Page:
Not to be outdone by competitor Nokia, Samsung has finally dropped a high-end media phone into the market to challenge the N95's worldwide supremacy. Samsung will be showing off the new hardware at Mobile World Congress next week in Barcelona, but we already have a nice rundown of the specs.
Not to be outdone by competitor Nokia, Samsung has finally dropped a high-end media phone into the market to challenge the N95's worldwide supremacy. Samsung will be showing off the new hardware at Mobile World Congress next week in Barcelona, but we already have a nice rundown of the specs.The G810 is a second-generation version of the G800, but adds the right touches to really boost its appeal. Similar to the N95, it has a 2.6-inch display with GSM and HDSPA 3G radios on board.
The biggest change comes in the operating system. The G800 was based on Windows Mobile. The G810 ditches Windows Mobile in favor of Symbian 9.2 running the S60 3.1 user interface. This is a major shift. Samsung has taken on a user interface for its new media phone that's as close to the N95's as possible. Given Symbian's popularity the world over, this OS switcheroo should really give the G810 allure.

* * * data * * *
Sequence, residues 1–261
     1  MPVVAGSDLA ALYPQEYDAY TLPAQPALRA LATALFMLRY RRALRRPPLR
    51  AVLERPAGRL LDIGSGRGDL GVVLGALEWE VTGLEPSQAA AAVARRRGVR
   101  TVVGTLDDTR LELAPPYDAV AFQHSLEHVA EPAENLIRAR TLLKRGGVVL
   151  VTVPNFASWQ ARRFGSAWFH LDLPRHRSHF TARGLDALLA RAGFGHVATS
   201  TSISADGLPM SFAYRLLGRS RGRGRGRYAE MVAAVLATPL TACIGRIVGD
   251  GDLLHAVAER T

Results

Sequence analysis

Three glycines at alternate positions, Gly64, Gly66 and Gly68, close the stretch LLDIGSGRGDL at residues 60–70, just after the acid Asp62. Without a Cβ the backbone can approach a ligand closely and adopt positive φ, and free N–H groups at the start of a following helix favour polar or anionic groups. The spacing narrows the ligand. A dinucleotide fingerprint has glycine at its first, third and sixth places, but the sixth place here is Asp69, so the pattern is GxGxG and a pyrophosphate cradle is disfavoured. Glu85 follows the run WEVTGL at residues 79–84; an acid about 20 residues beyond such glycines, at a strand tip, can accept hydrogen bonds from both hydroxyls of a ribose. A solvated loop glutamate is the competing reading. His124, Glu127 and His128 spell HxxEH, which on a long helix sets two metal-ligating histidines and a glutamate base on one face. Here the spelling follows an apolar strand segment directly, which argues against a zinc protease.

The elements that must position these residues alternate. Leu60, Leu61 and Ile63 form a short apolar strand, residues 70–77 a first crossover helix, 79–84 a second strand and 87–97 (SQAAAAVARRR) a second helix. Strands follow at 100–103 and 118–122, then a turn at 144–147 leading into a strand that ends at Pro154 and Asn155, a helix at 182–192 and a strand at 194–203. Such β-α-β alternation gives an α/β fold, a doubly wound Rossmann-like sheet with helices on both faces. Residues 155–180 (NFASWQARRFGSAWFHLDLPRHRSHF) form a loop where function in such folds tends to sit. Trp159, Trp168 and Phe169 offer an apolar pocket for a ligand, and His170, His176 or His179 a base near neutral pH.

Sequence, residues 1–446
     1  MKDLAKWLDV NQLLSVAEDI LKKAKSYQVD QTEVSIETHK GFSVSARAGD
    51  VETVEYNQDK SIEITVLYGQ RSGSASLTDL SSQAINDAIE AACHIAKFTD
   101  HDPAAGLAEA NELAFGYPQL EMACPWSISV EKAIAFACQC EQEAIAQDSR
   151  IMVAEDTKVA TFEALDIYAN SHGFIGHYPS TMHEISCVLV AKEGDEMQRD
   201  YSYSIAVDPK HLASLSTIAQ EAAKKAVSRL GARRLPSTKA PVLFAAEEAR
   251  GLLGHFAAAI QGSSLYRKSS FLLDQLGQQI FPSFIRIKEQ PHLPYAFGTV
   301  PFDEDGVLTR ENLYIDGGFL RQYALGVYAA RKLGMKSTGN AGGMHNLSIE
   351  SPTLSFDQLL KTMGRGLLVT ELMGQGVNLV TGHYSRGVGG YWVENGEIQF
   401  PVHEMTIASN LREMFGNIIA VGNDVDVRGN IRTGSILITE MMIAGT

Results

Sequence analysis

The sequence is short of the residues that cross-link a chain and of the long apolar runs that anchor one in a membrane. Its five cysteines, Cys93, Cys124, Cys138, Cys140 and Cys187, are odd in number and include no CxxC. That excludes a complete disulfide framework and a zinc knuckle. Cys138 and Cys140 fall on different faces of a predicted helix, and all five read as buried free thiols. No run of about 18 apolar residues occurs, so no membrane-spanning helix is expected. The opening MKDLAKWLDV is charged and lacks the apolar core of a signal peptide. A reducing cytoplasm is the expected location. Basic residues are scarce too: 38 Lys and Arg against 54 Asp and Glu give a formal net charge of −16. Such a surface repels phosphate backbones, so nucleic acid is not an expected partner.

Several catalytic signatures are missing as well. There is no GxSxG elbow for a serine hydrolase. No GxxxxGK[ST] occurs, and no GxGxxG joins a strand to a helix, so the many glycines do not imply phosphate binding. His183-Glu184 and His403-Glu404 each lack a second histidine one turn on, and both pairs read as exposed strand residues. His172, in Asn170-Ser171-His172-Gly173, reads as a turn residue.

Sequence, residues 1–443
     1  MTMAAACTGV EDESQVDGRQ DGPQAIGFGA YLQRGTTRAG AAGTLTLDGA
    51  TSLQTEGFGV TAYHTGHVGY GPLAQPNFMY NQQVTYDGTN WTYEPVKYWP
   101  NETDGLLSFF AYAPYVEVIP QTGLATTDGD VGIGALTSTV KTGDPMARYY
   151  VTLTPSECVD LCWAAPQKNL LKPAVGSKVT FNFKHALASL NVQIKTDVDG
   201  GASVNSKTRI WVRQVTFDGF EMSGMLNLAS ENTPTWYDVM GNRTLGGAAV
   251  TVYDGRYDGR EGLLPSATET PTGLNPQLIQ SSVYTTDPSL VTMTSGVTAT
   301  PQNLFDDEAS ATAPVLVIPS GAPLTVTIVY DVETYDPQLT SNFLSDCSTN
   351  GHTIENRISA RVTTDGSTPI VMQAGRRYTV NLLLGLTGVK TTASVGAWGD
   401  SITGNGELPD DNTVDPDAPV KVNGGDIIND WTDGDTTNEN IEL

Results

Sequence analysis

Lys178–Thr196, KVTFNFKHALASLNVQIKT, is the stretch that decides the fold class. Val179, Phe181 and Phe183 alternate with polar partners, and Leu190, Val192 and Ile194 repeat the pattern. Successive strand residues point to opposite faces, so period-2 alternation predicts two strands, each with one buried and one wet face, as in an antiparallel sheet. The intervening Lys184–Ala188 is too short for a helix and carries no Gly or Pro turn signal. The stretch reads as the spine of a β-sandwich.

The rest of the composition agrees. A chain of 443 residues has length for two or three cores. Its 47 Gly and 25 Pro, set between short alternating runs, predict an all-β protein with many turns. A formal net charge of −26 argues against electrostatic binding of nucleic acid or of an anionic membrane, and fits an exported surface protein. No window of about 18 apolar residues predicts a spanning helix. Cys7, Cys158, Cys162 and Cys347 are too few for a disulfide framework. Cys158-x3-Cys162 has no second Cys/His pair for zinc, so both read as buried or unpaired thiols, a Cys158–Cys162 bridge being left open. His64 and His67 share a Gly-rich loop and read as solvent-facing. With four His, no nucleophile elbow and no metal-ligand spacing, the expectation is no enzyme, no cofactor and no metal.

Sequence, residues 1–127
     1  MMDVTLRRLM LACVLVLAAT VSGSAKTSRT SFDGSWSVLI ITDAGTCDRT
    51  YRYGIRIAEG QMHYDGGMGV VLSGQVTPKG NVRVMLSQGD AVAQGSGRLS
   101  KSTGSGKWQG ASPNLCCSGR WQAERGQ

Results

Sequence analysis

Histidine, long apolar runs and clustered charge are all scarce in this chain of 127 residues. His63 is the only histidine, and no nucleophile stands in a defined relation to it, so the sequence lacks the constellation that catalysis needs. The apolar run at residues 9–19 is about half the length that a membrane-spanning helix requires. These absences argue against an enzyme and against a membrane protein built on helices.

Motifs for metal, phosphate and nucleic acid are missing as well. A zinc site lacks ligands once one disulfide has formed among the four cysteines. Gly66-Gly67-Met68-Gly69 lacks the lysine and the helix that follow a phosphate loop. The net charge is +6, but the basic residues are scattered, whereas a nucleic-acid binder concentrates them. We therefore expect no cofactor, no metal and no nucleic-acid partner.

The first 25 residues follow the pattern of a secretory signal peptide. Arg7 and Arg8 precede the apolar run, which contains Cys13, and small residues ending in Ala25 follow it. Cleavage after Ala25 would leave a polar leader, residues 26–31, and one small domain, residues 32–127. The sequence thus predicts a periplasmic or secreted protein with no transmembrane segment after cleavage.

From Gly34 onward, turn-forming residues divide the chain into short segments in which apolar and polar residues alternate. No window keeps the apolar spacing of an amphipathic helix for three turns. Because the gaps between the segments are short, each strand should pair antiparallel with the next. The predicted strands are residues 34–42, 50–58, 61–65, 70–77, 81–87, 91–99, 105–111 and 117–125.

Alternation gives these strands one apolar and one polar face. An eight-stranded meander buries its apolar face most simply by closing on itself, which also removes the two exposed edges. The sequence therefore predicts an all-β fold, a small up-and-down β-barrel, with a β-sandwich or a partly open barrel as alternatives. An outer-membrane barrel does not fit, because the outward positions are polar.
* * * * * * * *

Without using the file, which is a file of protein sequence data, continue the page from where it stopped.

On top of that, it also brings in a 5-megapixel camera, similar to the N95, and adds 3x optical zoom, anti-shake, face recognition, macro mode, and auto-focus. It does not have the Carl Zeiss optics that Nokia opted for, however. Also similar to the N95, it has GPS, 802.11b/g Wi-Fi, 150 MB of on-board memory (expandable with a MicroSD card) and Bluetooth 2.0+EDR.
The one way in which I wish it wasn't similar to the N95 is price. Samsung is suggesting a retail price of 580 euros, which is $859. Yikes.
Of course, the N95 has been available for nearly a full year. Nokia is almost certainly prepared to announce a bevy of new phones next week at Mobile World Congress. Whether or not we see the rumored N95 successor, the N96, is anyone's guess.
InformationWeek Elite 100Our data shows these innovators using digital technology in two key areas: providing better products and cutting costs. Almost half of them expect to introduce a new IT-led product this year, and 46% are using technology to make business processes more efficient.
The UC Infrastructure TrapWorries about subpar networks tanking unified communications programs could be valid: Thirty-one percent of respondents have rolled capabilities out to less than 10% of users vs. 21% delivering UC to 76% or more. Is low uptake a result of strained infrastructures delivering poor performance?